Introduction: Simple Inexpensive Float Valve Automatically Keeps Your Garden Fountain Filled

We have a garden fountain that loses water to the wind and sun, requiring frequent and lengthy re-filling from a nearby garden hose. I found an inexpensive plastic float valve and rigged it with drip irrigation hardware to keep the fountain filled automatically. Works great!

Total cost was about twenty bucks at Home Depot plus the eight-dollar valve from Amazon.


Float Valve:

3/4" to 1/2" brass adapter - from valve to hose compression fitting

3/4" to 1/4" hose compression fittings (2)

1/4" drip irrigation tubing

3/4" Pressure reducer (to 25 lbs.)

3/4" Y-splitter with control valve

Two items not shown in the photo:

Teflon plumber's tape wrapped around the plastic float valve threads going into the brass adapter

Aluminum bracket to mount the valve to the fountain pedestal (visible in the photo)

The float arm is adjustable to set your desired water level.

The Y-splitter has a control valve to turn off the water supply when necessary. I used a splitter to keep the garden hose connected for other uses.

Step 1: Float Valve Preparation

Obtain or make an L-bracket for mounting the float valve. (I used an aluminum bracket)
Make a hole in the bracket for the valve threads to fit through. (I drilled and filed a hole to size needed)

Mount the float valve on the L bracket - push threads through hole and secure with valve's washer and nut

Wrap the plastic threads of the float valve with two turns of Teflon plumber's tape.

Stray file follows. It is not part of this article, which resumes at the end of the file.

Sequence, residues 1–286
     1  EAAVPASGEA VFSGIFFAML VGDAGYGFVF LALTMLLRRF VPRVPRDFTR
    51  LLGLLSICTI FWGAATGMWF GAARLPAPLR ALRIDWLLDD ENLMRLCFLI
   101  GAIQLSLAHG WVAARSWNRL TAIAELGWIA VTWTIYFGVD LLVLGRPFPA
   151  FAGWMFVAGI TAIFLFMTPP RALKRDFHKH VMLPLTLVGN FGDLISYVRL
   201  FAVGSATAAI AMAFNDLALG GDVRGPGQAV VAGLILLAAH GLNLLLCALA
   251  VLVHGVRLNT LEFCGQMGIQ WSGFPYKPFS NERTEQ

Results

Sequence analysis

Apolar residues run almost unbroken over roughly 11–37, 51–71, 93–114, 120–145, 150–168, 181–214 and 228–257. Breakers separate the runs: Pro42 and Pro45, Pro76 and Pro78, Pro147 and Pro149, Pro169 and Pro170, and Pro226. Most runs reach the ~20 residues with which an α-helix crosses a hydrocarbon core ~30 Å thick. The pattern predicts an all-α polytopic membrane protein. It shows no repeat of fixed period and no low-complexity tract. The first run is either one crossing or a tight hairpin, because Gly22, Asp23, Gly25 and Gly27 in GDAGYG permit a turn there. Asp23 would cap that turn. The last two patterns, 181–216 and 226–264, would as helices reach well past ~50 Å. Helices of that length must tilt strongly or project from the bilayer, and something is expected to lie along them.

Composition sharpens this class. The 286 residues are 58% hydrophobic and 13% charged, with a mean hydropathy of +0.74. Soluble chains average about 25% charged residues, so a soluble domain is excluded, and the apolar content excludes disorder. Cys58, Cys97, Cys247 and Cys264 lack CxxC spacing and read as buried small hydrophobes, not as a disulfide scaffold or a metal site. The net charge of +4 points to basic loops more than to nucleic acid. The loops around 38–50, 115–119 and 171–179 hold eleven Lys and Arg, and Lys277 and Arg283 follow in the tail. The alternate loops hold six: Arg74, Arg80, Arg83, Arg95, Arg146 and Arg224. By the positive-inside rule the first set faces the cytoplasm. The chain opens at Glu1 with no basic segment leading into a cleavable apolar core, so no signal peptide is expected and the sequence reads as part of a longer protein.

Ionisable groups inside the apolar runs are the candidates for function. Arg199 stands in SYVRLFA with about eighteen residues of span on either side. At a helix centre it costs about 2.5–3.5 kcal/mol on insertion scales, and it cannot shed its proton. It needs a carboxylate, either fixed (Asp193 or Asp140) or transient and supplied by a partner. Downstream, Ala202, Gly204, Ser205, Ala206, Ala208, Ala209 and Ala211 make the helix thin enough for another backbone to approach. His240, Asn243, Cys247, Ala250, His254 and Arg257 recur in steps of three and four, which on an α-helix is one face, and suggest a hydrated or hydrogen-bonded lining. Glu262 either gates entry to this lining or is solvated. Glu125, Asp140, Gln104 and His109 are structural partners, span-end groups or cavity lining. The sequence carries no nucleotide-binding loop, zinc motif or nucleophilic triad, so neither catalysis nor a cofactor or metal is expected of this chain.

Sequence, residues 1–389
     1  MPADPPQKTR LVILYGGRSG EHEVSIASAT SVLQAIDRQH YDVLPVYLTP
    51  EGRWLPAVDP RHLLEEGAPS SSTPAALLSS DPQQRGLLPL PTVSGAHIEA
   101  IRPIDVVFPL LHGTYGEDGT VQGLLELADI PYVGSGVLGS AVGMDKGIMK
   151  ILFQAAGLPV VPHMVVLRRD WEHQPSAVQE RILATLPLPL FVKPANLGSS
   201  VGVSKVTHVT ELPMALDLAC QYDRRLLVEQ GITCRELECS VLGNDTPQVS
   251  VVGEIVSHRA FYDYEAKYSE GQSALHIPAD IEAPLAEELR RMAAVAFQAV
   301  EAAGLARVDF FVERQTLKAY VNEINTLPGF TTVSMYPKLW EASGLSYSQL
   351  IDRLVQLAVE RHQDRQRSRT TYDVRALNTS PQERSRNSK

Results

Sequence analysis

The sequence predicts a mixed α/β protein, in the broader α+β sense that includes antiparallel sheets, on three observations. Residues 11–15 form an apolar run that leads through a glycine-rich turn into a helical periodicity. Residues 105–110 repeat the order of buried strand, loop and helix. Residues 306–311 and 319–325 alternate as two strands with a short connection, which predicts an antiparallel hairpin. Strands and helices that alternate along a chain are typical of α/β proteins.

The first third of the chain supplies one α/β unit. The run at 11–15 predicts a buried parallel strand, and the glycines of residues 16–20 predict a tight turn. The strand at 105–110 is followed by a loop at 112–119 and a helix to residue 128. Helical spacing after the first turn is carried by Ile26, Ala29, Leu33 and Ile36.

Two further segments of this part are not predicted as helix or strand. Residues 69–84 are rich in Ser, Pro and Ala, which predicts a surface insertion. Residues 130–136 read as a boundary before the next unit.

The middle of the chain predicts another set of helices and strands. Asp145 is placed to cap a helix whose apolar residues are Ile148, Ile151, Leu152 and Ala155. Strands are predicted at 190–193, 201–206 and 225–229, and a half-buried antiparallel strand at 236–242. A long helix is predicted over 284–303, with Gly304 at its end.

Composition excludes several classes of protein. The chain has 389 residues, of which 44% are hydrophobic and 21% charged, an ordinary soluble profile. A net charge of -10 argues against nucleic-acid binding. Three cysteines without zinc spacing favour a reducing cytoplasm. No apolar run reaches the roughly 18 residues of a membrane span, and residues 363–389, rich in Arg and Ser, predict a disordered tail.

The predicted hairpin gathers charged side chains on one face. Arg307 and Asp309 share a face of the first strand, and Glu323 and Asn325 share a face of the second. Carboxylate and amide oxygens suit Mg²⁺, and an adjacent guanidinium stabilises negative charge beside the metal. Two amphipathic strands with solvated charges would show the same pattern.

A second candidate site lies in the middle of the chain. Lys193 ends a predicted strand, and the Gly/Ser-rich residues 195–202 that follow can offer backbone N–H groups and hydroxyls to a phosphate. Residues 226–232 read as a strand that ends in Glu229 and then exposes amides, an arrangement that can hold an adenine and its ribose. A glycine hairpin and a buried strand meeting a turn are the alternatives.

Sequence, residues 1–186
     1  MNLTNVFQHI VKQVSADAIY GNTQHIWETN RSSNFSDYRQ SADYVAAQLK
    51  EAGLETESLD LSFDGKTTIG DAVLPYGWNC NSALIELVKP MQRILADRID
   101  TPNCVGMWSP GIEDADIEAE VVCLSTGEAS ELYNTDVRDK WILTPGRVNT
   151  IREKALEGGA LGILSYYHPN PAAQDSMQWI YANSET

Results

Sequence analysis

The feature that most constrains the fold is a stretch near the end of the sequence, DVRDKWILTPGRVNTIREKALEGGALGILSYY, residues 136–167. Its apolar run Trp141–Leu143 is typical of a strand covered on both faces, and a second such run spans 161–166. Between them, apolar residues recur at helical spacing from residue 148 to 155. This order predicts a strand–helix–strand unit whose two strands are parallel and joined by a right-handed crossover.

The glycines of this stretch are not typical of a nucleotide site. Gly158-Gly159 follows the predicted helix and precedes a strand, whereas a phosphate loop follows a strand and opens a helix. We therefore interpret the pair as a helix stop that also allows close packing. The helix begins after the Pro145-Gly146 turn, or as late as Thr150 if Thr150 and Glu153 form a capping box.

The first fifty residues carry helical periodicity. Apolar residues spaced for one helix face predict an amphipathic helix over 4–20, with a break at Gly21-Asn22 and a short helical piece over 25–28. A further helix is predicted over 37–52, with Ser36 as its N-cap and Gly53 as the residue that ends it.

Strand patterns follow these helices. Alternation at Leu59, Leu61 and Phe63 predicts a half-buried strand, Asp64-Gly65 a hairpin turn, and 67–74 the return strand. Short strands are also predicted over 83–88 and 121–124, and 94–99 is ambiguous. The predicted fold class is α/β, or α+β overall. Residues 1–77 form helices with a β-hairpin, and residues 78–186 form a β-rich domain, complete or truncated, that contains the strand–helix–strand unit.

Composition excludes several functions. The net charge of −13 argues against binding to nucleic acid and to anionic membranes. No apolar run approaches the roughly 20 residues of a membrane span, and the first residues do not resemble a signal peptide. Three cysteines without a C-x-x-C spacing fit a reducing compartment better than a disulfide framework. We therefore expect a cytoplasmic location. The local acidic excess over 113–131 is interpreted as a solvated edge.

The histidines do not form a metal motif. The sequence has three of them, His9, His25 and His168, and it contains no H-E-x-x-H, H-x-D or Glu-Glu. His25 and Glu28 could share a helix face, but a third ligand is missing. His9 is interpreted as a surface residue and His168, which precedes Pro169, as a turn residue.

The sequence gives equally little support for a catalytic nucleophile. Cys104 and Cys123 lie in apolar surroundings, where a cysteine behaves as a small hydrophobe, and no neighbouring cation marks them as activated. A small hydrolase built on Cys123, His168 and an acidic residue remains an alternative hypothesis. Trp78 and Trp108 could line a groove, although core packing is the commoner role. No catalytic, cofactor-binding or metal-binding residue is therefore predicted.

Step 2: Step 2 - Adapter From Float to Tubing Nozzle

Thread the brass adapter on to the valve threads and tighten securely.

Step 3: Step 3 - Tubing Nozzle to Adapter and Tubing

Thread a hose compression adapter on to the brass adapter and tighten securely.

Insert the end of the 1/4 tubing into the compression adapter about 1/4 deep by pushing while twisting.

Step 4: Step 4 - Tubing

Determine thelength of tubing needed to reach from your fountain to your water faucet or source.

Allow some extra length and cut the tubing.

Thread the other hose compression adapter on to the pressure reducer and tighten securely.

Insert the end of the tubing into the compression adapter about 1/4 deep by pushing while twisting.

Step 5: Step 5 - Pressure Reducer

Thread the pressure reducer on to the Y-splitter and tighten securely.

Step 6: Step 6 - Y-splitter With Valves

Thread the pressure reducer on to the Y-splitter and tighten securely.

Turn the control valves on the Y-splitter off (perpendicular to the water tubes).

Attach the Y-splitter to your water source and tighten securely.

Step 7: Final Steps

Slowly turn on the water faucet, watch for leaks between the faucet and the Y-splitter and tighten as needed.

When no leaks, place the float valve in the fountain basin.

Slowly open the Y-splitter valve to the pressure reducer and watch for leaks. Water should flow from the float valve.

Lift up the float to close the valve; this should stop the water flowing out of the valve.

With the float valve held closed, check for leaks. Tighten all parts until no leaks anywhere.

Turn off the Y-splitter valve or the faucet.

Mount the L-bracket on to the fountain. (I drilled holes in the bracket and mounted it with brass screws)

Bracket mounting location depends on the size and shape of your fountain. The float is adjustable so with some trial and error you can figure out where to best mount the float and adjust the angles. I mounted the bracket with one screw at the top first so I could pivot the bracket and adjust the float angle. When everything works and your water level is set, secure the bracket with another screw.

I used a Y-splitter but you can get a single garden hose shut-off valve or just screw the pressure adapter on to your garden hose faucet and use the faucet to turn the water on or off. I hope you find this useful and enjoy your automatically self-filling fountain!